I posted a comment. It was deleted WTF SF Streetsblog? Can you tell me why that was removed heres what the post said: SFStreetsblog has been pretty disappointing lately. Childish insults of actual improvements to the bike network because drivers used them badly isn’t helpful. The tone is hostile and judgmental where it should be constructive. There are lots of things to talk about in Sanfrancisco Transportation besides lazer ficus for protection bike lanes, which also have problems and aren’t a magic bullet. Please explain why this original comment was censored.



    “We’ve seen a 184 percent increase in cycling in the past decade,” she said with her trademark ebullience. “San Francisco is a biking city!”

    From < 2% to 4.4%. When you have a small base figure a small gain can look large, when expressed as a percentage.



    There aren’t enough loading zones as it is, and the on street parking sites are all too often the loading zones….



    Well, the thing with parking-protected bike lanes is that it is the parking that protects you! So we don’t need to remove it.

    Which is why it works less well on blocks where there are lots of garages and driveways, and therefore less street parking.

    The holy grail with bike lanes is to enable them without taking out either parking or traffic throughput. The only way I know to do that is to convert pairs of 2-way cross-streets into alternate one-way streets, and then use the width you save to create front-in or diagonal parking.



    Reminds me of discussions about civil rights between whites and blacks. Whites always point out how far civil rights have come in the last 60 years, whereas blacks always focus on what they claim is still be done.



    Agreed, and in fact I think Streetsblog has gotten better of late.



    I wonder if bike lanes continue to expand whether there will be a booming market in mopeds, electric bikes and other forms of motorized bicycles.

    In any event what Greasybear is suggesting is illegal, which I suspect he wells knows.



    “San Francisco has come a long way.” When it comes to cycling? Well kinda, more like rather San Francisco has a long way to go, especially if we want to really make San Francisco a GENUINE biking city, because honestly it still isn’t, at least not yet.



    Regarding street improvement options for Golden Gate Ave, there’s one option i notice that is totally missing, that is having one PARKING PROTECTED bike lanes, can be on either side, with two remaining ONE-way traffic lanes. What’s best about this option is that it removes little to no parking yet it accommodates all the street safety desires. The question is what side of the street would the PROTECTED bike lane go? I’m so curious to why that option isn’t included when it should be???? Golden Gate Ave can have the PARKING PROTECTED Bike Lane, retain most of the parking and reduce unsafe speeding through narrowing the remaining two lanes on this street without converting it to two-way. This would be the perfect balance between the two other proposals. I hope this option will find its way through these community meetings.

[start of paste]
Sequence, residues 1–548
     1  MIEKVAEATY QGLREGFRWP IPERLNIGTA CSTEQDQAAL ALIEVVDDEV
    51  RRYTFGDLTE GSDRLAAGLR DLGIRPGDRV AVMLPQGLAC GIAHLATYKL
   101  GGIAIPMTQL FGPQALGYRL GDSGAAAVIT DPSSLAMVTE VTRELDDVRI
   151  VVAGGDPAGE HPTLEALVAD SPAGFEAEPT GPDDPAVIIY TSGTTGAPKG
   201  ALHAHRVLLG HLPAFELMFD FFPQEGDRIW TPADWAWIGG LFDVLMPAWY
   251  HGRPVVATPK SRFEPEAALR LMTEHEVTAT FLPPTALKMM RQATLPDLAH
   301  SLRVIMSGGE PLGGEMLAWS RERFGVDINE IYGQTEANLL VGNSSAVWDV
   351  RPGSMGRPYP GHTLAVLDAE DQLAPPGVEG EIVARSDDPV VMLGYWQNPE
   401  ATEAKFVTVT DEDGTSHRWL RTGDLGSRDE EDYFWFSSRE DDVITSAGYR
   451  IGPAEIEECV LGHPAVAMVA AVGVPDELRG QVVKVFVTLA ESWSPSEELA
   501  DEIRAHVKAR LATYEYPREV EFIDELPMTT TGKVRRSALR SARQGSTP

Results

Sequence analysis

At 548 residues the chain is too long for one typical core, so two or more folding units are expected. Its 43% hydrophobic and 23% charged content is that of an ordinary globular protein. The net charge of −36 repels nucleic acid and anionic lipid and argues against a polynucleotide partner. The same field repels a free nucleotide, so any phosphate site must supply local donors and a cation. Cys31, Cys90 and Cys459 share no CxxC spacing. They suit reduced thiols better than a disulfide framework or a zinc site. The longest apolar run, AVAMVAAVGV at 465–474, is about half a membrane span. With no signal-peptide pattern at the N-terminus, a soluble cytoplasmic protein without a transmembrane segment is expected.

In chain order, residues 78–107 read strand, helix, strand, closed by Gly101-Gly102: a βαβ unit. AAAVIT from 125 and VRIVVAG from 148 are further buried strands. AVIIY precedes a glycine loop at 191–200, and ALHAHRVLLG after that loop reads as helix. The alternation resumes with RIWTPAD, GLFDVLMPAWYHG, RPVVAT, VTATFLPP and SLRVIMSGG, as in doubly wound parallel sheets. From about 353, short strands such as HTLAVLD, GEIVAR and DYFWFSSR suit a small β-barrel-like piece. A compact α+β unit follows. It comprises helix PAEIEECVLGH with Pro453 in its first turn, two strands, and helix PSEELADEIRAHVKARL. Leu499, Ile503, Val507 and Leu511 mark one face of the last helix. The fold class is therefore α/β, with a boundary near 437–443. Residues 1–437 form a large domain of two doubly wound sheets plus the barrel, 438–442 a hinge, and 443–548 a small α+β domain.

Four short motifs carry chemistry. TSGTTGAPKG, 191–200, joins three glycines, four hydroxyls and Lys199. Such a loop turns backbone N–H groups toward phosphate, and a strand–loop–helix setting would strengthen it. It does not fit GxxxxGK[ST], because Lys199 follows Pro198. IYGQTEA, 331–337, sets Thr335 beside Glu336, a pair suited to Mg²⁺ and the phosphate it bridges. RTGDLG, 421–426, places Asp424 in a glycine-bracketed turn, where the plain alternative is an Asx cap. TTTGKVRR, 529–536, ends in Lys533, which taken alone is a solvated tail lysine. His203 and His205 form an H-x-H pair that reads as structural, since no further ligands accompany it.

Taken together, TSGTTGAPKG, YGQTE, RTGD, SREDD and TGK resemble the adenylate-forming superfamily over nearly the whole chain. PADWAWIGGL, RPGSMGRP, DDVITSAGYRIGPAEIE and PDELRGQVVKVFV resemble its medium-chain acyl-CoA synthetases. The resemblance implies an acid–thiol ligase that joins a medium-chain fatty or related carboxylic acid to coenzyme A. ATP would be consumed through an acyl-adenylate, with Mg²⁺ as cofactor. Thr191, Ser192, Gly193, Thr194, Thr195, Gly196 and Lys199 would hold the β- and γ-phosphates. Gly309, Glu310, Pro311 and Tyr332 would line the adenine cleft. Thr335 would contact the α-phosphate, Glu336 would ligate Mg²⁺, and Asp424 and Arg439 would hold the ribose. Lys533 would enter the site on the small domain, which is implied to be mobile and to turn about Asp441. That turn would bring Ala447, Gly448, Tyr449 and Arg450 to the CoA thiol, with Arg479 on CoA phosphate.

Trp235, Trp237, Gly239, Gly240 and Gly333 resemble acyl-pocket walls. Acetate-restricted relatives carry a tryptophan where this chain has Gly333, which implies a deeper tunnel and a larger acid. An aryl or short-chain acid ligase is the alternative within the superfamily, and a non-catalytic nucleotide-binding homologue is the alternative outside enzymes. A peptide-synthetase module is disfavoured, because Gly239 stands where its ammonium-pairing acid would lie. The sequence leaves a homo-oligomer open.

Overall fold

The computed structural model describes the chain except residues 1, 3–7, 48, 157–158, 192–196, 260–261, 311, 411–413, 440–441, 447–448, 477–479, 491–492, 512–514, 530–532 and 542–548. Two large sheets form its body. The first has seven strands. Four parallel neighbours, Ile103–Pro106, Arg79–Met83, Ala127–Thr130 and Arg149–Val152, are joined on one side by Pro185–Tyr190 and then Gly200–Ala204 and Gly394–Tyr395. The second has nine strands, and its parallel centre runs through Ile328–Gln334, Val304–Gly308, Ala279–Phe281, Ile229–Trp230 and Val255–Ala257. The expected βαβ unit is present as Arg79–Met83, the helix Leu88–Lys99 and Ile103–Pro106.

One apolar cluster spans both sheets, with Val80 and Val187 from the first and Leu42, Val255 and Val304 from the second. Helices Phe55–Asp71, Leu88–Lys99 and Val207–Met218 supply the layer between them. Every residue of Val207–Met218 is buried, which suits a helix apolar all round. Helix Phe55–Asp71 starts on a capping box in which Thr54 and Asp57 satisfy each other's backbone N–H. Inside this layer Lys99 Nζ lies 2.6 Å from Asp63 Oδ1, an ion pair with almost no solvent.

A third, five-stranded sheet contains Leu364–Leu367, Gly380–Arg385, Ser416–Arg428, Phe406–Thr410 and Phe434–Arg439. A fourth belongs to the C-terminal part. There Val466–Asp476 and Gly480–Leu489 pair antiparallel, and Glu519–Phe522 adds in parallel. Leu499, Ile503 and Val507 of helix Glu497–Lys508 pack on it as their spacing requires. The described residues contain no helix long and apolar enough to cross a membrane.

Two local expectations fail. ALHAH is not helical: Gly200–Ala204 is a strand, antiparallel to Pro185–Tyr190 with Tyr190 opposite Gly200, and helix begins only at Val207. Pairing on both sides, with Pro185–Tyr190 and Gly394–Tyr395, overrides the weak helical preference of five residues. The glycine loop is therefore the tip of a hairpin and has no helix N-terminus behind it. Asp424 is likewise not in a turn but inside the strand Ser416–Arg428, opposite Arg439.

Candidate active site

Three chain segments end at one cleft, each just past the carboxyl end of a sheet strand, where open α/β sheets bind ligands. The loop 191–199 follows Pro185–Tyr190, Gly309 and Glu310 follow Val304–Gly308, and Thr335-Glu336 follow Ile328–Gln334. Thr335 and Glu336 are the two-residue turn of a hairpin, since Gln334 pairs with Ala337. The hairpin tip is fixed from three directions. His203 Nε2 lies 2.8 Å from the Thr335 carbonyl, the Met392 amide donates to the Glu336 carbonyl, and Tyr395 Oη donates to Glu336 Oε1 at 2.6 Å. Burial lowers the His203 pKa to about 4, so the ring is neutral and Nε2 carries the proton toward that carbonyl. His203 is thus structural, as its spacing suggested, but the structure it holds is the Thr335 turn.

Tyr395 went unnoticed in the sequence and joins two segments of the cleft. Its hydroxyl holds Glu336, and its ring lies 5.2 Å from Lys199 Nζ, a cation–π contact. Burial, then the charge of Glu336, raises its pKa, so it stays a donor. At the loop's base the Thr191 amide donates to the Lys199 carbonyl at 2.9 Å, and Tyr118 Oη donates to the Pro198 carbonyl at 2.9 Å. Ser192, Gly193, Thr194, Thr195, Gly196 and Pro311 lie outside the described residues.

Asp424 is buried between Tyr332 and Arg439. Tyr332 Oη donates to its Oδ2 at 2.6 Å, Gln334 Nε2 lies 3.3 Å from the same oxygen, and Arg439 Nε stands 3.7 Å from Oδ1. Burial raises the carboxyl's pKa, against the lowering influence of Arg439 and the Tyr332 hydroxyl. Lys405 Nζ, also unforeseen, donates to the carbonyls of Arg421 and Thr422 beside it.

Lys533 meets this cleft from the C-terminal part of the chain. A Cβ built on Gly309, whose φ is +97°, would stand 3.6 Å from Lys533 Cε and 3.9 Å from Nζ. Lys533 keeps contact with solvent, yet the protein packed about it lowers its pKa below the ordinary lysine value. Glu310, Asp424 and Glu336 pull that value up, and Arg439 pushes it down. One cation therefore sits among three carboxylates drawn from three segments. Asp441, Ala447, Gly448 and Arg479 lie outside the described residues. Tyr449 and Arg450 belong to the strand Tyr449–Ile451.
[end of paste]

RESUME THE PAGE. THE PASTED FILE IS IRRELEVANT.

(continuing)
District 11 represent, big hug Julia, thanks Roger.


    City Resident

    Thanks, Josh, for the info – and great proposals to improve bicycle infrastructure!


    Ziggy Tomcich

    The Golden Gate Park bike lanes are are awful and everyone knows they’re awful. But they were implemented on a shoestring budget before any protected bike lane (aka cycletrack) specifications were established.

    The Golden Gate Park bike lanes wouldn’t meet AASHTO, NACTO, FHWA or Caltrans specifications that govern how protected bicycle lanes should be designed. But all of these standards are relatively new and didn’t exist at the time when the Golden Gate park bike lanes were built.

    These aren’t the only dud protected bike lanes. There are several others in other cities in the US that have similar design flaws, which is what helped established writing rules for how protected bike lanes should be built. So don’t worry! Now that these standards are in place, it’s very unlikely we’ll see too many more Golden gate park type mistakes.


    Josh Handel

    Our big capital project ask was to build a bike/ped bridge across Brotherhood Way from Payson&St Charles to Chester St., similar in design to the “Snake Bridge” in Copenhagen (link below). It would eliminate a huge amount of elevation gain/loss on the route, and allow cyclists and pedestrians to avoid waiting to cross Brotherhood Way. We of course also asked for more obvious things – like green paint, bicycle boulevard treatment on Beverly, BayAreaBikeShare stations, and more accessible secure bike parking.